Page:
HomeNewsCalifornia likely faces a critically dry year, officials say Mar. 03, 2021 at 5:00 amNewsCalifornia likely faces a critically dry year, officials sayGuest Author3 months agocalifornia California will likely face a critically dry year with much less runoff from the Sierra Nevada snowpack than normal and reservoirs that already are showing the impact of winter precipitation that is well below average, state water authorities said Tuesday.The state Department of Water Resources’ latest survey from a network of electronic stations found that the water content of the overall snowpack was 61% of the historical March 2 average and 54 percent of the average on April 1, when it is historically at its maximum.Surveys of the Sierra snowpack, which normally supplies about 30% of California’s water, are a key element of the department’s water supply forecast. December, January and February are typically the wettest part of the so-called “water year,” which starts on Oct. 1 each year.“As California closes out the fifth consecutive dry month of our water year, absent a series of strong storms in March or April we are going to end with a critically dry year on the heels of last year’s dry conditions,” Karla Nemeth, the department’s director, said in a statement.She added: “With back-to-back dry years, water efficiency and drought preparedness are more important than ever for communities, agriculture and the environment.”The snowpack was doing better in the northern and central Sierra than in the southern end of the range, said Sean de Guzman, the department’s chief of snow surveys and water supply forecasting.De Guzman manually surveyed an area at Phillips Station, south of Lake Tahoe, where measurements date to 1941. He found a snow depth of 56 inches (142.2 centimeters) and a “snow water content” of 21 inches, translating to a water content 86% of average to date and 83% of the April 1 average.De Guzman said the impact of a second consecutive dry year were starting to be seen at the state’s largest reservoirs, which are currently storing between 38% and 68% of their capacity.Lake Shasta, the state’s largest surface water reservoir, was at 50% of capacity, he said.“This year has been similar to water year 2014, which was the third year of California’s most recent severe drought, which lasted from 2012 to 2016,” de Guzman said in a webcast from the Sierra site.De Guzman noted that during that drought, 2014 and 2015 were California’s warmest two years on record and that the calendar year of 2020 was the third warmest on record.“Although we can’t predict how much precipitation California will receive for the remainder of the year, without any series of storms on the horizon it’s safe to say that we’ll end this year dry so it’s important that we’ll have to plan accordingly,” he said.De Guzman said a change in the weather pattern would begin this week “but still it’s nothing too significant of a storm to write home about quite yet.”The long-term forecast did not raise any expectation of a return to a normal water year, he said.While the snow survey focuses on water supply, the department noted that precipitation helps stem wildfires. The latest U.S. Drought Monitor report showed more than 99% of California has indicators of drought or abnormal dryness.The next snowpack survey will be conducted on April 1.Tags :californiashare on Facebookshare on Twitteradd a commentL.A. County hits record low of positive COVID-19 testsVenice residents sue Los Angeles over homeless enforcementYou Might Also LikeFeaturedNewsBobadilla rejects Santa Monica City Manager positionMatthew Hall5 hours agoNewsCouncil picks new City ManagerBrennon Dixson16 hours agoFeaturedNewsProtesting parents and Snapchat remain in disagreement over child protection policiesClara Harter16 hours agoFeaturedNewsDowntown grocery to become mixed use developmenteditor16 hours agoNewsBruised but unbowed, meme stock investors are back for moreAssociated Press16 hours agoNewsWedding boom is on in the US as vendors scramble to keep upAssociated Press16 hours ago
Justin Sullivan/Getty Images(NEW YORK) — Tonight may be the night one lucky person wins one of the largest jackpots in the history of the Mega Millions lottery.The lottery game’s jackpot grew to a whopping $512 million after Friday’s drawing yielded no winners of the top prize. One lucky ticket holder might be the recipient of that windfall today, when the drawing takes place at 11 pm ET.The grand prize is the fifth largest ever for the game and the eleventh largest in U.S. history, a Mega Millions official told ABC News.But if you do win the jackpot and want your prize money in cash immediately, that amount won’t necessarily all be yours. You’ll be taking home a far smaller but still impressive sum of $303.4 million – before taxes.To take home the entire $512 million, you’ll have to be a little more patient, and choose the annuity payments option – one immediate payment, and then annual graduated payments for 29 years, the official said.Earlier this year, two other Mega Millions winners made history – with one winning a prize of $451 million in January and another winning $533 million in April.Copyright © 2018, ABC Radio. All rights reserved.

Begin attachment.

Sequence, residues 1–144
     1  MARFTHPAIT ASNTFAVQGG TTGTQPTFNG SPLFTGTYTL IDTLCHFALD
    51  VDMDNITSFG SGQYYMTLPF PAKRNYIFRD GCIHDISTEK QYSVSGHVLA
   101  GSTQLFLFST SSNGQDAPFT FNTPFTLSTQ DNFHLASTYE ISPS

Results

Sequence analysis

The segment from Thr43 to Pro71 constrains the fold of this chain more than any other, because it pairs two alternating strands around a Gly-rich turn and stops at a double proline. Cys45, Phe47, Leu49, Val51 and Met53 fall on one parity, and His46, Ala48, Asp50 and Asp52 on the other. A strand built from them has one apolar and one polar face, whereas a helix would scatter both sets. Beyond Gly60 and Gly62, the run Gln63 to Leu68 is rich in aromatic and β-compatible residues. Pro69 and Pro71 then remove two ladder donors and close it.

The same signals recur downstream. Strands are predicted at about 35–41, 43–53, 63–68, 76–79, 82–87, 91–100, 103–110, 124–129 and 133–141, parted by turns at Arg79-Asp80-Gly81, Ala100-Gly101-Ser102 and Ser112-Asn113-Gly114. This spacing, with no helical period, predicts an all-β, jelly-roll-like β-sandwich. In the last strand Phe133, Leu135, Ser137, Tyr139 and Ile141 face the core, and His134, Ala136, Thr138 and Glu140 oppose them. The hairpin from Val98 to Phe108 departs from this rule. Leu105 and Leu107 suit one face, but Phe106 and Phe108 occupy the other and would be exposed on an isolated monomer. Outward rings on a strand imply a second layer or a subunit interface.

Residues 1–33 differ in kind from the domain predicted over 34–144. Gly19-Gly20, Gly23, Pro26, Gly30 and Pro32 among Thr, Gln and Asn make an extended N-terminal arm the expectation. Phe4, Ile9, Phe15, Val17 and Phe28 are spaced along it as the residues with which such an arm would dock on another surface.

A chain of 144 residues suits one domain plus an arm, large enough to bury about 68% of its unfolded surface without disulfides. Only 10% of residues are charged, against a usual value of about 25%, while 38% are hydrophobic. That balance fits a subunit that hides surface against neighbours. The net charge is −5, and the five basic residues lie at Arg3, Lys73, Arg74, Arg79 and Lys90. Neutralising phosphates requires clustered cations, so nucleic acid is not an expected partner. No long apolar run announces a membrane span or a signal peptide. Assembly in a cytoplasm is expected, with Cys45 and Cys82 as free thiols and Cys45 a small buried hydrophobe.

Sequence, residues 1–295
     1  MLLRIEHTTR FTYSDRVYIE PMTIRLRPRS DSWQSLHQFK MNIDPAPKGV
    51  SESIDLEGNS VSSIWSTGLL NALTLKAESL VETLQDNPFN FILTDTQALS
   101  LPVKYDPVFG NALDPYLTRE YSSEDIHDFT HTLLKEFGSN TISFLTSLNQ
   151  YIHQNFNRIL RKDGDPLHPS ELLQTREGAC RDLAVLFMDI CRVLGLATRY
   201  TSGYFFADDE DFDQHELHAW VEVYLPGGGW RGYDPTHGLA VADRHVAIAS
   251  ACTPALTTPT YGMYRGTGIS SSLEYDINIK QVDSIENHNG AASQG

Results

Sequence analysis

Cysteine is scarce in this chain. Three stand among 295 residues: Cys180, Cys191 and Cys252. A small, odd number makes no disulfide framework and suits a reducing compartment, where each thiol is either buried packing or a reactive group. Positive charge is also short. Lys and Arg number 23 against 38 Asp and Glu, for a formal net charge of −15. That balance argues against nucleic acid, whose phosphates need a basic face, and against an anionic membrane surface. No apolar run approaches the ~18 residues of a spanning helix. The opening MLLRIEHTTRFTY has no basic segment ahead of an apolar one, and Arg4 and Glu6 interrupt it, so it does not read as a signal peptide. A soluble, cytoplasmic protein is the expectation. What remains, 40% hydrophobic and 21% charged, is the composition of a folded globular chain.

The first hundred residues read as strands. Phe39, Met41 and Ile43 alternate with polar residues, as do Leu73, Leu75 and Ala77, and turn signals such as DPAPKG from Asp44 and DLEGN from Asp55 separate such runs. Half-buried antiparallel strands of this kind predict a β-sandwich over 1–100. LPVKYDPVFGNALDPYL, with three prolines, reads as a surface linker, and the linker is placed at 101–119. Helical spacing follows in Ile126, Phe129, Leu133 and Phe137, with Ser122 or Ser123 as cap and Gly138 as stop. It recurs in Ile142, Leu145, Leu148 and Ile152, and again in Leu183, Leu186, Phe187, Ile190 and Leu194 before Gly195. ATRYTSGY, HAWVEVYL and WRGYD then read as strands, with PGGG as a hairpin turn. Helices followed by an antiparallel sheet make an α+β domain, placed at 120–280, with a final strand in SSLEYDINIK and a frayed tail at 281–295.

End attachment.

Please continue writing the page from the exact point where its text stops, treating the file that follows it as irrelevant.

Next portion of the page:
In 2nd season, Brooks’ transition outdoors improvesAlena Brooks faltered in the outdoor season her freshman year, but has already set a school record in the 400-meter as a sophomore.Photo courtesy Gopher Sports Dane MizutaniApril 12, 2011Jump to CommentsShare on FacebookShare on TwitterShare via EmailPrintAlena Brooks said she wasnâÄôt feeling well prior to the 400-meter dash at the Jim Click Shootout two weekends ago.But an ailing Brooks would not be stopped.When the gun sounded, Brooks shot out of the starting blocks and raced ahead of the pack. She crossed the finish line in a speedy 53.55 seconds âÄî a new school record.âÄúI was pretty shocked that I broke the record,âÄù Brooks said. âÄúWe had a really tough week of training âÄî I was pretty shocked, but it felt good.âÄùThis feeling resonated throughout the team.âÄúEveryone was really excited for her,âÄù head coach Matt Bingle said. âÄúShe is ranked pretty high in the nation with that time this early in the season. Any time you get a school record, that is a nice thing to put on your rÃ©sumÃ©.âÄùBrooksâÄô performance in Tucson, Ariz. may have been the highlight of her career with the Gophers.During the indoor season of her freshman year, Brooks finished as the Big Ten runner-up in the 600-meter but faltered somewhat in the outdoor season.Bingle said this falling off in the outdoor season last year was not a testament to her skills as a runner.âÄúIndoors she had a great season and helped the team quite a bit,âÄù he said. âÄúJust outdoors she got fatigued and worn out from being away from home.âÄùBrooks hails from Diego Martin, Trinidad, and before her stint with the Gophers she competed at the international level with Trinidad and Tobago. Running at the2010 CARIFTA Games, Brooks captured a silver medal in the 800-meter and another silver medal in the 4×400-meter relay.Brooks predominantly ran the 800-meter event as a freshman but has recently started to branch into others. Bingle said he is extremely impressed with BrooksâÄô versatility as a runner.âÄúThere are not a lot of people who can run the anchor leg of the 4×100-meter, run the 800-meter in the time she runs it in and then run the 400-meter,âÄù he said.In her second year with the team, Brooks attributes this early-season success to her off-season training.âÄúIn the off-season I worked most on my speed. That helped me a lot,âÄù Brooks said. âÄúI have that endurance because I run the 800-meter as well, so [improving] my speed really helped me the most.âÄùThis improvement in her repertoire has already been displayed in competition through in the first three meets of the season.âÄúI have already improved a lot,âÄù Brooks said. âÄúI had almost a second off of my 400-meter and last weekend I also ran a [personal best] in the 800-meter, so it just shows I am much stronger right now than I was last year.âÄùBrooks noted her year-to-year progression with the team, but knows she still has a great deal of room to improve.âÄúI feel pretty confident, but I know I still have a lot of work to do,âÄù she said. âÄúI still feel confident and feel like I can do some pretty good things.âÄùBingle agrees, but said her evolution is dependent on her work ethic.âÄúItâÄôs totally in her court and she has a ton of potential,âÄù he said. âÄúIâÄôm excited for this season and the next few years for her to mature as a runner. She has no ceiling in my mind.âÄùAside from her development as an athlete, Brooks said a lot of her motivation to succeed with the Gophers stems from her mother.âÄúIâÄôm the last child and my older brother and sister arenâÄôt very successful and I know she works so hard,âÄù Brooks said. âÄúI just strive to make her proud âÄî at least one of her children is doing well. I know no matter what I do she will always proud of me.âÄù